Mudslinging in the Family Court Judge Race

By: Kara Tsuboi
By: Kara Tsuboi
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Pete Sferrazza and Chuck Weller have now been campaigning for months for a seat on the Family Court Judge bench. In the last week, the race has reached a fever pitch as their ads have gotten more negative--both say in reaction to the other--ultimately prompting each to file complaints.

"I think I had a strong campaign. The polling had shown I had closed the gap and moved ahead and I think that's why he went negative," says Sferrazza.

What prompted Sferrazza to file a complaint on Sunday, was Weller's TV ad saying that Sferrazza is not a real judge. "The fact is, tribal judges do handle family law. And his accusation that I haven't appeared in family court is not in fact true."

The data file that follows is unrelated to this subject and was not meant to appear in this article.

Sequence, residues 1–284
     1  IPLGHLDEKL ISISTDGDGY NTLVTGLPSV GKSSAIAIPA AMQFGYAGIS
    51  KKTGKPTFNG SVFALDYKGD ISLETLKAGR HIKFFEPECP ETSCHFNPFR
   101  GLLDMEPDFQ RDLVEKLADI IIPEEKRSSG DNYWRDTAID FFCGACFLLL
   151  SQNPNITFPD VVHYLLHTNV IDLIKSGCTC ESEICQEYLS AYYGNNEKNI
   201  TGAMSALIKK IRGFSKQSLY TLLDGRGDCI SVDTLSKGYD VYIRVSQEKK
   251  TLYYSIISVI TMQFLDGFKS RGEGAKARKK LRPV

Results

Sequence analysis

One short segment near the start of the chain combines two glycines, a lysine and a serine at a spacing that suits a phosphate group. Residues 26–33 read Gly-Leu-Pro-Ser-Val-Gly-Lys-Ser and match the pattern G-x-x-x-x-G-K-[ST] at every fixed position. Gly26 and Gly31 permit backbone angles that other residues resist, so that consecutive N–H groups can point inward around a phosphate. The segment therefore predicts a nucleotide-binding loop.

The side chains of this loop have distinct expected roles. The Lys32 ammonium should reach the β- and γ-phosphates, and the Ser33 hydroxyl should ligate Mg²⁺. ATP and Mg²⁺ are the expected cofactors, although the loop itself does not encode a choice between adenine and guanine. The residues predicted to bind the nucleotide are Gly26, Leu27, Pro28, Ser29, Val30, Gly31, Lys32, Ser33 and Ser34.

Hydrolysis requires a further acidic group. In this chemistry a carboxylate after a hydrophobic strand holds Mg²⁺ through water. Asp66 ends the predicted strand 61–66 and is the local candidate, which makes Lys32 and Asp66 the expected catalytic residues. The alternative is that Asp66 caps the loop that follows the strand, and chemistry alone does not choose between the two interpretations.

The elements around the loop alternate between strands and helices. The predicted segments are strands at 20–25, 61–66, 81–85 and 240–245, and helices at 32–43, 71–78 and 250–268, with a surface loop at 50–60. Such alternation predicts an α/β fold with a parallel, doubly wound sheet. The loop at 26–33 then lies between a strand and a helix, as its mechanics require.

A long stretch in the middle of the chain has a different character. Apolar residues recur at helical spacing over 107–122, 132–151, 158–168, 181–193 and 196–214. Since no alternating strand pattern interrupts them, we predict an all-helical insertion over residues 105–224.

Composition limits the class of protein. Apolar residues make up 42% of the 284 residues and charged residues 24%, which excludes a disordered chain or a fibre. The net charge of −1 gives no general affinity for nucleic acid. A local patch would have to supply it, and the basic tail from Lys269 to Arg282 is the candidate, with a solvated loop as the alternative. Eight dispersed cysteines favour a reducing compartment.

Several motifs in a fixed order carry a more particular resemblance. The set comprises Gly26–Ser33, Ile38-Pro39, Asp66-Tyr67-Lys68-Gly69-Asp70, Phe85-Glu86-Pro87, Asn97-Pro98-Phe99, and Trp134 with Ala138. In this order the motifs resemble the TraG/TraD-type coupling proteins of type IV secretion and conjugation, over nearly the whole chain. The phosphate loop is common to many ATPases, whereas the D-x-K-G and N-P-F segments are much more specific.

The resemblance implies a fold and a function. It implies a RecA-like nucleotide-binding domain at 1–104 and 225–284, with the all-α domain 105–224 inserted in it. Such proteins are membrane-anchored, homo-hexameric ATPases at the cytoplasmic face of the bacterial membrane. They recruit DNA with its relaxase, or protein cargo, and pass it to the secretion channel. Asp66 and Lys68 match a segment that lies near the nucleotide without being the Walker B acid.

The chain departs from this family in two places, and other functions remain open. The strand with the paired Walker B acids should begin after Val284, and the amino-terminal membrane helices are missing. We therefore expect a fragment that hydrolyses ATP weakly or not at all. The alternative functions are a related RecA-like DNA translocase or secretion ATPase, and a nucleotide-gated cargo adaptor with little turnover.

But Weller defends his statement: "He claims he has 10 years of judicial experience. In fact, what he's been is a part time judge."

Weller filed his complaint on Saturday, primarily for what he says was Sferrazza's distortion of a Federal Trade Commission incident. He recently depicted the case in a TV ad and in mailers.

"The truth is, I have not been accused of any crime. I have never been accused of any crime. The incident he refers to was 25 years ago and he is distorting the truth to try to save a failing campaign," says Weller.

The accusations and complaints have turned into classic examples of last minute campaign mud-slinging. With such a close race, it's hard to estimate the effect on the voter.


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